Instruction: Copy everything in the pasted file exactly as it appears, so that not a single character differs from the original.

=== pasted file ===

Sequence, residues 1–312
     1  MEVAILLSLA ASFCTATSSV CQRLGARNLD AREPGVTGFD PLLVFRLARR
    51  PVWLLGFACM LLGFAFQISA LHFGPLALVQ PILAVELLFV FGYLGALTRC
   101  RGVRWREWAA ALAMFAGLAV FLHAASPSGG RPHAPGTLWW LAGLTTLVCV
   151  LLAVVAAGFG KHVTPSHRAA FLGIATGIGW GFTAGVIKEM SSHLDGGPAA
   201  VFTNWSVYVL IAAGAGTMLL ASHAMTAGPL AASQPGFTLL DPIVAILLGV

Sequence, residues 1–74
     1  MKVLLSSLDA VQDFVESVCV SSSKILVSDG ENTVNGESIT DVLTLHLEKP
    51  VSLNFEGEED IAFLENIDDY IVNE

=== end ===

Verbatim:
Sequence, residues 1–312
     1  MEVAILLSLA ASFCTATSSV CQRLGARNLD AREPGVTGFD PLLVFRLARR
    51  PVWLLGFACM LLGFAFQISA LHFGPLALVQ PILAVELLFV FGYLGALTRC
   101  RGVRWREWAA ALAMFAGLAV FLHAASPSGG RPHAPGTLWW LAGLTTLVCV
   151  LLAVVAAGFG KHVTPSHRAA FLGIATGIGW GFTAGVIKEM SSHLDGGPAA
   201  VFTNWSVYVL IAAGAGTMLL ASHAMTAGPL AASQPGFTLL DPIVAILLGV

Sequence, residues 1–74
     1  MKVLLSSLDA VQDFVESVCV SSSKILVSDG ENTVNGESIT DVLTLHLEKP
    51  VSLNFEGEED IAFLENIDDY IVNE